THEY found them in the kitchen. With no electricity, the couple sat in the dark. The fridge was empty, the house frigid with cold.
When the Society of St Vincent de Paul (SVP) volunteers got to the house, they were shocked at the conditions the family were living in. But they were not living in a run-down rural cottage or in an inner-city flat, they were in a large house in Foxrock, one of Dublin's wealthiest suburbs.
While shocking, these cases are no longer a surprise to the SVP, as Ireland in 2012 is a different place with poverty no respecter of class.
"The thing that has changed significantly is that some of the people coming to us now once had it all," says Patricia Carey.
Ms Carey is director of services in Dublin for the SVP, the country's largest, voluntary, charitable organisation. Last week, she was busy crunching some quite staggering numbers at the inner city headquarters of the national charity.
They looked incredibly bleak when laid out on the table before her:
- 17,000 calls in 2006
- 23,000 in 2007
- 26,000 in 2008
- 35,000 in 2009
- 47,000 in 2010
- 65,000 last year.
The charity, founded by student Frederic Ozanam and a few friends in Paris on April 23, 1833, is expecting more than 75,000 calls this year as the needy, the hungry, the homeless and the plain desperate look for help.
It already runs a hugely successful toy appeal with broadcaster Ryan Tubridy and 2FM -- but what it needs most of all from this Christmas appeal is cash.
This week, the Irish Independent will shed light on some of the key issues and challenges facing the charity, like fuel poverty, where people cannot afford heat and light, and the mechanics of running such a vast organisation.
As the calls come in on the national helpline, they are quickly disbursed to the SVP's 13 regional offices.
From there, the requests for assistance are taken up by a 10,000-strong army of volunteers who investigate further; and help is quickly on hand for, among other things, coal, Christmas essentials, toys and bills.
Once the SVP gets your donation, it is quickly utilised to buy the food vouchers and fuel (coal and oil) for the 50,000 Irish families who use the SVP each year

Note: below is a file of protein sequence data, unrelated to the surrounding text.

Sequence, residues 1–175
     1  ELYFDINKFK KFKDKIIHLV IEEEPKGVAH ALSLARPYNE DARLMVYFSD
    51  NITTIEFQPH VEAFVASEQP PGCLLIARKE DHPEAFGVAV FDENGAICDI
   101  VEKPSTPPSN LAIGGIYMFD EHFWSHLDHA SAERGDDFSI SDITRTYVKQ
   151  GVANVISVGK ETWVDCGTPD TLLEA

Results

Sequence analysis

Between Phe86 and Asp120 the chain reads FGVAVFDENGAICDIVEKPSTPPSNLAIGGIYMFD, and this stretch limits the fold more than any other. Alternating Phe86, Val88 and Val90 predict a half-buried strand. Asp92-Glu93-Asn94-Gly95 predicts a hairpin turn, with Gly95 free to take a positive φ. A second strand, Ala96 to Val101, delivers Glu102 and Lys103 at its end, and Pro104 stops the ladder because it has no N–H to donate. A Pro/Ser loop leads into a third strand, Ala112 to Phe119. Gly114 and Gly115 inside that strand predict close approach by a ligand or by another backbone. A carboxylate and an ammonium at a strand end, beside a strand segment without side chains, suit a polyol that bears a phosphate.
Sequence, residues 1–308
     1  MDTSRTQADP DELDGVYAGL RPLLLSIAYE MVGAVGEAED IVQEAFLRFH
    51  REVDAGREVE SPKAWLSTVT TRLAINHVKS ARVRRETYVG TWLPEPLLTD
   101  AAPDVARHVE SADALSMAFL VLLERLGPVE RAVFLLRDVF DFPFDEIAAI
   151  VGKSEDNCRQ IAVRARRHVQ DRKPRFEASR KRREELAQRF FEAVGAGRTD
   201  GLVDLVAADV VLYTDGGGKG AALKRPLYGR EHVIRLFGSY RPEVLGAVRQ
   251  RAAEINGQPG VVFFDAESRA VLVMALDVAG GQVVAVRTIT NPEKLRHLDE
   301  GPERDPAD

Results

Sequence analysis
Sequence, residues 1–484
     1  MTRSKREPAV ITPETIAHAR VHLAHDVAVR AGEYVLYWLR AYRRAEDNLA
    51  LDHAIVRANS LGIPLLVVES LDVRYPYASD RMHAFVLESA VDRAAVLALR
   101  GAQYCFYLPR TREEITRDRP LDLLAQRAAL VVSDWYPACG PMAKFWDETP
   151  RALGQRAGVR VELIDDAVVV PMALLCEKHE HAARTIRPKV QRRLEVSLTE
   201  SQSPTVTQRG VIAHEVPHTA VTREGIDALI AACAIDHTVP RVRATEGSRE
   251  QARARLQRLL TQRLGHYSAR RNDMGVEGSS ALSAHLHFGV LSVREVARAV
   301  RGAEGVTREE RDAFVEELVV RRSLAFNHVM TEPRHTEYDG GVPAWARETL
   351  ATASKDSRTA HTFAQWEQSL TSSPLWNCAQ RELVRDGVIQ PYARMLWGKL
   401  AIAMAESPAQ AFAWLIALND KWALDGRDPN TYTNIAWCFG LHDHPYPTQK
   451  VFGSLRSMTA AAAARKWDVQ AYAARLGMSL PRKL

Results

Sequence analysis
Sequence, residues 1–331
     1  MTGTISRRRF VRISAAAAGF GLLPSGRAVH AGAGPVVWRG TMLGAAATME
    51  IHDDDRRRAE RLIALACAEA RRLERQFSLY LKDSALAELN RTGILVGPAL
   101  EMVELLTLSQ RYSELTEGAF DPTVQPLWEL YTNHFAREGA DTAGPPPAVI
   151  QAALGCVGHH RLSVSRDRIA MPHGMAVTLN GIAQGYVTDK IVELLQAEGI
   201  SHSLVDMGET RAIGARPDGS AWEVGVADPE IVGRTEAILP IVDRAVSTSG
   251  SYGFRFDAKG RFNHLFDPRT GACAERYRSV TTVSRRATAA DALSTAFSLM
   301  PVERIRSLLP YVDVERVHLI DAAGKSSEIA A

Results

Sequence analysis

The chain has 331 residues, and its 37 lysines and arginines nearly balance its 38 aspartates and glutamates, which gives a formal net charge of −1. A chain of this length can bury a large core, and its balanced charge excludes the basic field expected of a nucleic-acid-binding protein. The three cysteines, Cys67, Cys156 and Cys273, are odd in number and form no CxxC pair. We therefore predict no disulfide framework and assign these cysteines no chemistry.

Significantly, the SVP never gives out cash.
"We would provide a voucher that can be used in shops and we give vouchers for clothes that can be redeemed at our own shops," says Ms Carey.
It is also unable to contribute money to pay for state services and this year it has declined requests for help from dozens of HSE social workers who are trying to plug the gap in funding to look after sick and vulnerable people.
The reason for this strict rule is simple; the SVP raises more than €80m annually and the money is carefully spent on the donor's behalf.
Perhaps surprisingly in these hard economic times, donations from already hard-pressed individuals are up while donations from corporate sources are down.
A Christmas church-gate collection this weekend will be a crucial barometer and the fundraising target is €1m.
"If the donations drop, we will be in difficulty," acknowledges Ms Carey.
Linda Kenny knows all about the calls.
She takes them, overseeing a team of five staff and 12 volunteers as they work their way through 700 every day.
For 33 years, Linda, from Crumlin in Dublin, has been one of the friendly voices on the end of the phone as people, some of them in shock at their suddenly changed circumstances, call the SVP.
"Often they are extremely upset but we have a fantastic team here and we help each other to help the callers as best we can."
The spread of those reaching out for assistance tells the story of Ireland in 2012: there are dole recipients, plumbers, solicitors, taxi drivers, accountants, carpenters, builders, shop owners and former property developers.
The SVP says the self-employed have suffered a particularly harsh year, with little in the way of state supports.
"We've seen a lot from this area and so we're doing our best this year to ensure children in particular can be looked after. It's never easy but people are generous," Ms Carey said.
This year, the Irish Independent has partnered the St Vincentde Paul charity in an appeal to our readers to give generouslyto those living in difficult circumstances. Your help is vital
1. Send a cheque to SVP, PO Box 1234, Dublin 1, made payable to Society of St. Vincent de Paul National Council.
2. Pay direct to Bank of Ireland, Phibsborough, Dublin 7 to St. Vincent De Paul Council of Ireland. A/C Number: 80005599. Sort Code: 90-06-23
3. Call the SVP National Office on 01 8386990
4. Text SVP to 57500 (Terms & Conditions apply)
5. If you prefer to give locally you can send cheques to a regional office. Addresses can be found on www.svp.ie